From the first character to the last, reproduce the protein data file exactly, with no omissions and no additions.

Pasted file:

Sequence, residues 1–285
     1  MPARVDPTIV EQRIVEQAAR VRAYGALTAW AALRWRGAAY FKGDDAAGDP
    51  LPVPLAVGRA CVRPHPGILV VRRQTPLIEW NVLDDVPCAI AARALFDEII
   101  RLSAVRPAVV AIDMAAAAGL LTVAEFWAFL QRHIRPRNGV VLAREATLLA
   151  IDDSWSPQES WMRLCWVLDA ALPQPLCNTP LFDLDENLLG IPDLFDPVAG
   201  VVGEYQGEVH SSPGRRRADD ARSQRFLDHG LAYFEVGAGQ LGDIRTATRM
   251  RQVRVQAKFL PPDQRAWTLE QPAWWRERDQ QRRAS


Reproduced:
Sequence, residues 1–285
     1  MPARVDPTIV EQRIVEQAAR VRAYGALTAW AALRWRGAAY FKGDDAAGDP
    51  LPVPLAVGRA CVRPHPGILV VRRQTPLIEW NVLDDVPCAI AARALFDEII
   101  RLSAVRPAVV AIDMAAAAGL LTVAEFWAFL QRHIRPRNGV VLAREATLLA
   151  IDDSWSPQES WMRLCWVLDA ALPQPLCNTP LFDLDENLLG IPDLFDPVAG
   201  VVGEYQGEVH SSPGRRRADD ARSQRFLDHG LAYFEVGAGQ LGDIRTATRM
   251  RQVRVQAKFL PPDQRAWTLE QPAWWRERDQ QRRAS